“Rather than the Iranian-manufactured Qiam-1 missiles Haley and the Saudi Arabian government claimed, the debris presented by Haley were of a modified Soviet-manufactured SCUD-B missile; the airframe and engine are original Soviet-made components, and many of the smaller parts on display bear Cyrillic (i.e., Russian) markings. The transformation to the Burkhan 2-H design required the Houthi engineers to increase the size of the fuel and oxidizer tanks, and lengthen the airframe accordingly. This is done by cutting the airframe, and welding in place the appropriate segments (this also required that the fuel supply pipe, which passes through the oxidizer tank, be similarly lengthened.) The difference in quality between the factory welds and the new welds is readily discernable. The increased fuel supply permits a longer engine burn, which in turn increases the range of the missile. The Burkhan 2-H uses a smaller warhead than the SCUD B; as such, the guidance and control section had been reconfigured to a smaller diameter, and an inter-stage section added to connect the warhead/guidance section with the main airframe.”
Those who have been paying attention to this conflict have been well aware that the U.S. has had little material evidence to link Yemen’s Houthis to Iranian arms suppliers. In January of this year, a panel of U.N. experts stated:
“The panel has not seen sufficient evidence to confirm any direct large-scale supply of arms from the Government of the Islamic Republic of Iran, although there are indicators that anti-tank guided weapons being supplied to the Houthi or Saleh forces are of Iranian manufacture.” [emphasis added]
Even if Iran were arming the Houthis, Haley’s hypocritical anti-Iran rhetoric doesn’t excuse the U.S. for continuing a foreign policy that essentially armed ISIS through U.S. weapons transfers, or for arming al-Qaeda’s affiliate in Syria, just to name two examples of Washington’s schizophrenic approach to the region. Why is the U.S. singling out Iran, especially when the Houthi rebels are sworn enemies of al-Qaeda?
The issues here go much deeper than nonsensical hypocrisy. According to Ritter, the entire debacle has shown that if Saudi Arabia cannot contain the Houthi’s missile capabilities, it cannot possibly hope to take on Iran, which possesses a significantly more advanced military than the Houthis do on their own. Ritter explains further:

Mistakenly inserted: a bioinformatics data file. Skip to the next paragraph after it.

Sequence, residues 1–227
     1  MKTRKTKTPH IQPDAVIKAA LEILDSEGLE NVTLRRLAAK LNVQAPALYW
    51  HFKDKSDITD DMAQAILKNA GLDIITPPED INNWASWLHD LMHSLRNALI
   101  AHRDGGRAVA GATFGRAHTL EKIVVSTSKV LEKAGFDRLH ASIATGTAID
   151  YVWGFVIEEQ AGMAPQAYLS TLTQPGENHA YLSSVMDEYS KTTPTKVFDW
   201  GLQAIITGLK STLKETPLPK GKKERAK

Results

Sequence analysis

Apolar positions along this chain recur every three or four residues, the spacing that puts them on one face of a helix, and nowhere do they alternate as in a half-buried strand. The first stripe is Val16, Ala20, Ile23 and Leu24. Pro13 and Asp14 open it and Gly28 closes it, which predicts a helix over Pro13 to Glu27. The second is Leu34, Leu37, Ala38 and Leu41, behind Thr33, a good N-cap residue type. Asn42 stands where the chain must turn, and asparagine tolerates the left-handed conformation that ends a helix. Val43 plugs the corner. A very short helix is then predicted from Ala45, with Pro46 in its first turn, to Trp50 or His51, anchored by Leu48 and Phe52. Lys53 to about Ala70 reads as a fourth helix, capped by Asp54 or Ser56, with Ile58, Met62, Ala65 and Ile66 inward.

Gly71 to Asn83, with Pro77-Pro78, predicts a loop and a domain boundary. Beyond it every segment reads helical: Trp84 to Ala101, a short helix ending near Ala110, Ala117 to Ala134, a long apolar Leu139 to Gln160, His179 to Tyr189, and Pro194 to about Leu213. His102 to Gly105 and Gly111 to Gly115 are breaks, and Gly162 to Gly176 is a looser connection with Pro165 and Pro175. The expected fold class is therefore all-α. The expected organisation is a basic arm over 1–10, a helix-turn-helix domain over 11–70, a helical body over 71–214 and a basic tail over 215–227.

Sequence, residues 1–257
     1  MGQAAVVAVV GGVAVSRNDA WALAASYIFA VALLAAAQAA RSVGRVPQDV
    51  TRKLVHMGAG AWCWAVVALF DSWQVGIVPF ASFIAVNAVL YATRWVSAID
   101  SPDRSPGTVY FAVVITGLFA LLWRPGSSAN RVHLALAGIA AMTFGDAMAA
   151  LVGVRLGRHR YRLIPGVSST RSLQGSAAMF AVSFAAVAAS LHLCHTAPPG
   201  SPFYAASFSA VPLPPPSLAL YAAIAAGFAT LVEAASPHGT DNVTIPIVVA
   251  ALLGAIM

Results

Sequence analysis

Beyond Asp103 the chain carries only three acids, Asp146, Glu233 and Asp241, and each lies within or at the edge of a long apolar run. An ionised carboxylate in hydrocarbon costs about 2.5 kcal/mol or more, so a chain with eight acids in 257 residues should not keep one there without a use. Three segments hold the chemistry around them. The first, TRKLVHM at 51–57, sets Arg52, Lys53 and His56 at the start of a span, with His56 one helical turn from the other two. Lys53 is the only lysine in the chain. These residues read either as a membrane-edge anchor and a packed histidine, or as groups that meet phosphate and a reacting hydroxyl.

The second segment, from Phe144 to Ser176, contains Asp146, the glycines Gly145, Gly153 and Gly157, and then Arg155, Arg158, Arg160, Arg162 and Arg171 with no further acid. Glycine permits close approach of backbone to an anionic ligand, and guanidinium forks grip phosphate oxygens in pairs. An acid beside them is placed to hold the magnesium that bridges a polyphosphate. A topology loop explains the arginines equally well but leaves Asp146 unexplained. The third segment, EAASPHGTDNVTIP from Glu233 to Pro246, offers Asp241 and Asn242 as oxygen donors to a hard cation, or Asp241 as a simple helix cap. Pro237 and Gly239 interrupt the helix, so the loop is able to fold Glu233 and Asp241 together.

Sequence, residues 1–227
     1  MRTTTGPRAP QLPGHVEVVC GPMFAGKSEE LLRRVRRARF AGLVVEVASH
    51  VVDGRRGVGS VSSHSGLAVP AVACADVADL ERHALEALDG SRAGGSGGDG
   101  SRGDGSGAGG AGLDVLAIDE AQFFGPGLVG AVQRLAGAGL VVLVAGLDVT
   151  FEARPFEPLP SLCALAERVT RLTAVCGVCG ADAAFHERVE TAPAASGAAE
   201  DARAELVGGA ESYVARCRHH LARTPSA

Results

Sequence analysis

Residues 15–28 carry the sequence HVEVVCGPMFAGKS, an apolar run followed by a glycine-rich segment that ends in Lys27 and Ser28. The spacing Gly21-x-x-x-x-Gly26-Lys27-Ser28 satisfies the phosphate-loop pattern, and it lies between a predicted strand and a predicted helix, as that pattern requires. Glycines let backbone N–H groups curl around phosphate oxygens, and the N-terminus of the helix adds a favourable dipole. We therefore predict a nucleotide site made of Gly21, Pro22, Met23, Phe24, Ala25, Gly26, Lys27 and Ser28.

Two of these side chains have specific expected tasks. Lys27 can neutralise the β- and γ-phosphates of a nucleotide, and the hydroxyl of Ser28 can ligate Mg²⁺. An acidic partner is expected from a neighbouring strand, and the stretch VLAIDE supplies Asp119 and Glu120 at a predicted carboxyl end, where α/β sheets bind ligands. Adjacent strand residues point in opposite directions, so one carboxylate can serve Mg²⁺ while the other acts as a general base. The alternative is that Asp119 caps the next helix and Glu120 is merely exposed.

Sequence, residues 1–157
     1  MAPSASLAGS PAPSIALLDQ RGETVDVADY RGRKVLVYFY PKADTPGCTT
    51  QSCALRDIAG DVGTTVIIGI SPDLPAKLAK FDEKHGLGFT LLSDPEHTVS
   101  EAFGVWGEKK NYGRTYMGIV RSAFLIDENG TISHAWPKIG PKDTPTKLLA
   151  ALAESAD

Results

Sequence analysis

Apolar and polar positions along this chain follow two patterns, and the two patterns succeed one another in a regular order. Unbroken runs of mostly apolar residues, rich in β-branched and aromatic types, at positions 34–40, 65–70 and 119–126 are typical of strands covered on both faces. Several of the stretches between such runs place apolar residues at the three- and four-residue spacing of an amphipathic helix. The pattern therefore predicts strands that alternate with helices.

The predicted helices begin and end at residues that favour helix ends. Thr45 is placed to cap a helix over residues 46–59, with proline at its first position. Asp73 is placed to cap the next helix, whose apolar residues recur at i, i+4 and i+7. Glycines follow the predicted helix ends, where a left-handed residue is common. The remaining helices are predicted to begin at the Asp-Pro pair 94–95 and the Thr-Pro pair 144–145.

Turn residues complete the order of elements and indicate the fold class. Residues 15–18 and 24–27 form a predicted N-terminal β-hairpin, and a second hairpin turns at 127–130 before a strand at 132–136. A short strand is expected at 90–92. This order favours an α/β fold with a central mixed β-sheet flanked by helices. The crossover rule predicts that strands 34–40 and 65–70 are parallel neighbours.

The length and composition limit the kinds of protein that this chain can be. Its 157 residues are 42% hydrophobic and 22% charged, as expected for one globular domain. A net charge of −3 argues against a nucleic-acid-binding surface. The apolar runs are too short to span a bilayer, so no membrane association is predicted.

“If a relatively unsophisticated foe such as the Houthi, using Iranian-modified Soviet and North Korean missiles derived from 40-year-old technology, can evade an enemy force using the most modern combat aircraft backed up by the most sophisticated intelligence gathering systems available, and successfully launch ballistic missiles that threaten the political and economic infrastructure of the targeted state, what does that say about the prospects of any U.S.-led coalition taking on the far more advanced mobile missile threats that exist in North Korea and Iran today? The fact of the matter is that no military anywhere has shown the ability to successfully interdict in any meaningful way a determined opponent armed with mobile ballistic missile capability. If the Saudi experience in Yemen is to teach us anything, it is that any military plan designed to confront nations such as North Korea, Iran and Russia that are armed with sophisticated mobile ballistic missiles had better count on those capabilities remaining intact throughout any anticipated period of hostility. No amount of chest-thumping and empty rhetoric by American political and/or military leaders can offset this harsh reality. This is the critical lesson of Yemen, and the United States would do well to heed it before it tries to foment a crisis based upon trumped-up charges.” [emphasis added]